NAPLAN analysis shows no difference between public and private schools



A major study of NAPLAN results over time found only slight differences in scores between the three school districts, and those differences disappeared once a student’s family background was taken into account.

An analysis of student improvement between Years 3 and 9 also found no variation between the private and public sectors, “thus undermining views that private schools add value to student achievement.” the researchers found.

The research team, led by Sally Larsen of the University of New England, examined the NAPLAN results of more than 1,500 students who participated in the national trial program in years 3, 5, 7 and 9.

A study of student progress followed by NAPLAN found no difference between sectors Credit:Louis Douvis

They found no difference in the average scores between the three school districts in elementary school, except that 5th grade students in public schools performed better in arithmetic than those in Catholic schools.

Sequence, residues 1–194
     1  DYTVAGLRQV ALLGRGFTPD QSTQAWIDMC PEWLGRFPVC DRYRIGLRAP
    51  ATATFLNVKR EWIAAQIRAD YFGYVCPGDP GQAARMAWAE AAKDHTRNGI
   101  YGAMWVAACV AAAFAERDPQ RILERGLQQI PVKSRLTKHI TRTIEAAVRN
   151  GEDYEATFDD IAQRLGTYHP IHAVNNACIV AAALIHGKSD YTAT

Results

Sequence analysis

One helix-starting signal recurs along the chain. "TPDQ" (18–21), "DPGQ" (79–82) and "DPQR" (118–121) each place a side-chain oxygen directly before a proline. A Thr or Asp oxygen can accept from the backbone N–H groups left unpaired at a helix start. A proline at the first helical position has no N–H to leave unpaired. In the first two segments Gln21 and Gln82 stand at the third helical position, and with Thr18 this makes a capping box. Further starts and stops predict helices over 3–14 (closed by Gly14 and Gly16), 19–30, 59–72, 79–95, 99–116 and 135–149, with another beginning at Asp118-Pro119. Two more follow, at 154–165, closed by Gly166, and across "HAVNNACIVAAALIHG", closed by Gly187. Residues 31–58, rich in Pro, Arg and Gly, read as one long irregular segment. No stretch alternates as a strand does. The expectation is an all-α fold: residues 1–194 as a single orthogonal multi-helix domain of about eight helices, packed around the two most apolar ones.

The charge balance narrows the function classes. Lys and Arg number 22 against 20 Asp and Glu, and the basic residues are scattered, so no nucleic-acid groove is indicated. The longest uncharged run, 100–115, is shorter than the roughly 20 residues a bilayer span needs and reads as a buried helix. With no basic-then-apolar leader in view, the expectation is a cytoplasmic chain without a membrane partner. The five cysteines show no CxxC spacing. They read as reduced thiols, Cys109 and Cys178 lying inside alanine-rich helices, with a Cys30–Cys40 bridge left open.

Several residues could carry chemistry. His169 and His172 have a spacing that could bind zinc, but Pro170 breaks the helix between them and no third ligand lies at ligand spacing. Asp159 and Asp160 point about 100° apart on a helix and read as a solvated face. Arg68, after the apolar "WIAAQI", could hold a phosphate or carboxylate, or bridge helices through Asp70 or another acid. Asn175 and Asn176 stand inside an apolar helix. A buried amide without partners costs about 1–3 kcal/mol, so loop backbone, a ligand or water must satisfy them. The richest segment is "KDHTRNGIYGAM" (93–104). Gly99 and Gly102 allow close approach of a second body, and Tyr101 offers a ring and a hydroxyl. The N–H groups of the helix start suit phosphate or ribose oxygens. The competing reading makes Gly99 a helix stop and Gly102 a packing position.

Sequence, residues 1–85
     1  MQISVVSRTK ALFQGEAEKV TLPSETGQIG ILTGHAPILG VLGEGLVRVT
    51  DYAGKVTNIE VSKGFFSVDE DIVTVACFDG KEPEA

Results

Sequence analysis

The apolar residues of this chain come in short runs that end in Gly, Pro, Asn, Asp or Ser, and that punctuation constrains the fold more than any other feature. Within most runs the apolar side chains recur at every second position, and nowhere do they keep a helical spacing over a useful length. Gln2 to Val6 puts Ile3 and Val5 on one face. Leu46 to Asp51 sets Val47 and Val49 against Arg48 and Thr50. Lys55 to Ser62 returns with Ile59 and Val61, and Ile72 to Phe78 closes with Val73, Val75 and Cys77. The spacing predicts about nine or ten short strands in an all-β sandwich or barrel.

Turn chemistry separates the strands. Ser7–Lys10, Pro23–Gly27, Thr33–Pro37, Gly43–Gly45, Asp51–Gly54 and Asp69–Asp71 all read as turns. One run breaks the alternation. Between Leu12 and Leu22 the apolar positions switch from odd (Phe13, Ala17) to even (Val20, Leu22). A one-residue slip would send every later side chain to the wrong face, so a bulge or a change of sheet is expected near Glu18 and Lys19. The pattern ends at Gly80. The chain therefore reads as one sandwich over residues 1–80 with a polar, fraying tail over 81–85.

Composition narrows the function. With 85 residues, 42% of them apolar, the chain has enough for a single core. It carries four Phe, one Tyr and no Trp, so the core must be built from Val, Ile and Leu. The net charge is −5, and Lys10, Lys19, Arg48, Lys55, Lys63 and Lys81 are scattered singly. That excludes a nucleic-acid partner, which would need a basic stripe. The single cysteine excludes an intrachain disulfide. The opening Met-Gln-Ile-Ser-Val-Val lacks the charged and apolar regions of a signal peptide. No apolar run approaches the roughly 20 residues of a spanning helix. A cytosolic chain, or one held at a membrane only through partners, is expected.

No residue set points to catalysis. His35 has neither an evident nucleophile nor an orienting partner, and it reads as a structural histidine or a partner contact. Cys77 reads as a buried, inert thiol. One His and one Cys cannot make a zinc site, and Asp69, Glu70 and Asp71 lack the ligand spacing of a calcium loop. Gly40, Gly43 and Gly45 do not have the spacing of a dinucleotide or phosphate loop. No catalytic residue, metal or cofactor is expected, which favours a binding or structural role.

The 7th and 9th graders in independent schools were slightly ahead, but their “apparent advantage … disappeared after including the SES [socio-educational status]», Indicates the report, published in the newspaper Australian education researcher Tuesday.

“Results like these underscore that the school sector is not a good predictor of the acquisition of basic skills, and suggest that it is the social background and academic ability of children who attend private schools that support the appearance of better quality education.

Dr Larsen said the researchers wanted to find out whether private schools improved student outcomes, given that NAPLAN is being touted as a way to assess how well schools are contributing to students’ reading and numeracy skills.

A student’s background – especially their parents’ education level – is a good predictor of their academic success. However, many parents ignore this when considering the good academic performance of high-fee private schools.

The results of the study may reassure parents that “it’s okay if you can’t afford private schooling,” said Dr Larsen.



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